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Once in a while, a movie can shake the narrative of history as you once understood it. Selma is that kind of movie.
A period drama focusing on the events leading up to the historic marches for voting rights from Selma to Montgomery, Ala., the film is already a frontrunner for next year’s Oscars—which means director Ava DuVernay might become one of the few female and African-American directors to win the prestigious award.
The film (rated PG-13 for intense sequences of real drama and violence) starts with Martin Luther King Jr. (David Oyelowo) getting ready to accept his Nobel Peace Prize, fumbling and grumbling about his “ridiculous” ascot tie. His wife Coretta (Carmen Ejogo) patiently helps him tuck the ascot into his waistcoat. It’s a tender, private moment between a couple whose marriage will endure long separations, death threats, and whispers of infidelity—and the first of many scenes that make this movie not a hagiography of King, but a colorful mosaic of the ordinary men and women who made history.
Writer Paul Webb did his research: There’s Annie Lee Cooper (Oprah Winfrey) stoically swallowing another rejection at the voting registration booth, until that afternoon she punches a sheriff in the jaw. There’s Jimmie Lee Jackson (Keith Stanfield), a young black deacon shot and killed by a state trooper after police officers ravaged a peaceful march. There’s also a short but significant scene with James Reeb (Jeremy Strong), a white Unitarian Universalist minister from Boston, musing about the role of prayer in King’s movement before a group of Ku Klux Klan members club him to death.
But the star is Oyelowo. The British actor, an outspoken Christian, breathes multiple dimensions into the mythical figure of King as a husband, a father, a pastor, a brother, a friend, and a believably flawed human. Viewers see an off-the-pulpit King: the spiritual, psychological, and physical fatigue; the haunting self-doubt; the relaxed camaraderie with friends as he wolfs down gravy and biscuits.
And then there’s King as a strategist and a savvy manipulator of media. Selma chronicles the behind-the-scenes political chess-playing within both the grassroots communities and the White House. In one scene, an impatient King stands facing President Lyndon B. Johnson (Tom Wilkinson) before a portrait of George Washington, demanding immediate liberty for black people. “We can’t wait,” King urges, while a frustrated LBJ hums and haws, unwilling to divert public attention from his “War on Poverty.”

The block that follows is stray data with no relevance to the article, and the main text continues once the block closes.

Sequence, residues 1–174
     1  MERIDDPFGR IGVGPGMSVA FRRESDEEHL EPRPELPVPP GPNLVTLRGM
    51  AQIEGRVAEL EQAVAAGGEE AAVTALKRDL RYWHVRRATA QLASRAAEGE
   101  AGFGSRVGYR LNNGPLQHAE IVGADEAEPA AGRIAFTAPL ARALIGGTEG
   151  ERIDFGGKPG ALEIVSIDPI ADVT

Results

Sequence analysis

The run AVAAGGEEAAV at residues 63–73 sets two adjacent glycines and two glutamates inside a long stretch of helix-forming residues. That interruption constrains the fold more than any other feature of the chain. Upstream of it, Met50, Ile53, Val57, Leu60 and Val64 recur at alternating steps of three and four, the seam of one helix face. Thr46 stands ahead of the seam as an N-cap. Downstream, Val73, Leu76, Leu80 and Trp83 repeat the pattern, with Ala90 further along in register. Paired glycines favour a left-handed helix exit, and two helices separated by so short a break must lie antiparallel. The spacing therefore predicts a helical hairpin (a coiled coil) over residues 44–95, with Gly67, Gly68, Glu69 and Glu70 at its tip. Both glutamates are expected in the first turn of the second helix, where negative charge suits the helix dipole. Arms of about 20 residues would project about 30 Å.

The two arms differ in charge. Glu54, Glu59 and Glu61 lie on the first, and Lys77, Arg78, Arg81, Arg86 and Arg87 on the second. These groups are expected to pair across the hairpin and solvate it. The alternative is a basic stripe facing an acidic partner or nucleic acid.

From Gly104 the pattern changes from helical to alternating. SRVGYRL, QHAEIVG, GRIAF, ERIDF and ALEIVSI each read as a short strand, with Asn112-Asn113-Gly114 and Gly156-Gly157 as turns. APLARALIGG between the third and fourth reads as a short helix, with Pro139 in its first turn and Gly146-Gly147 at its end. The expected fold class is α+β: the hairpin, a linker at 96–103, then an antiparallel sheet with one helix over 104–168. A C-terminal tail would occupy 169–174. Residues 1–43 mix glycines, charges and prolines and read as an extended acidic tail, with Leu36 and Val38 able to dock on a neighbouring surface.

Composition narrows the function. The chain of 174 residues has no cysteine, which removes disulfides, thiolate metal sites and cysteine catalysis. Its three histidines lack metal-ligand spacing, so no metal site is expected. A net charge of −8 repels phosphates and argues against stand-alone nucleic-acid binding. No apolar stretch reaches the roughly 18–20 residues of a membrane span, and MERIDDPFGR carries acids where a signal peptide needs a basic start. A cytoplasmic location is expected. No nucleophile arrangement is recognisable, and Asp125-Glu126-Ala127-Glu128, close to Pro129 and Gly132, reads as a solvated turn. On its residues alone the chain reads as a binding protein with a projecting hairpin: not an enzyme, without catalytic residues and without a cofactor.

Meanwhile, King also deals with unrest and distrust within his own movement, as some young activists accuse him of attention-seeking and others want physical retaliation.
Though not a Christian movie, Selma flows with the undercurrents of Christian values. After all, King was a man who insisted that the civil rights movement be guided by Christian principles, who refused to drop the word “Christian” from the Southern Christian Leadership Conference to attract Northern liberals.
In one pivotal scene, King leads a second march down the Edmund Pettus Bridge. Troops are waiting on the other end. Then King suddenly kneels down, bows his head, and prays. To the great consternation of many participants, he turns around and walks away, preventing another potential bloodbath. That’s just one of several scenes showing the role of spiritual guidance in King’s movement.
But it’s hard to remember King’s philosophies when watching Bloody Sunday, the first march in which a barricade of state troopers charged into the crowd with horses, batons, whips, and tear gas. It’s a terrible, gruesome, but beautifully shot scene, where every crack of nightstick on skull, every shriek as bones crush on pavement, will shock you as the same horrible televised images shocked Americans at the time. The moment is unforgettable, and it imprints an understanding of the wounds that still fester within our nation today.
Some might worry that Selma is an inflammatory screed on evil white supremacists trodding on poor black civilians. It’s not. Selma doesn’t offer ham-handed political or social justice messages but simply provides what every worthy movie should: masterful storytelling and powerful visuals that enrich understanding of an abstract truth.
Selma does what King worked so hard to accomplish: prick the national consciousness on the reality of racial struggles and injustice.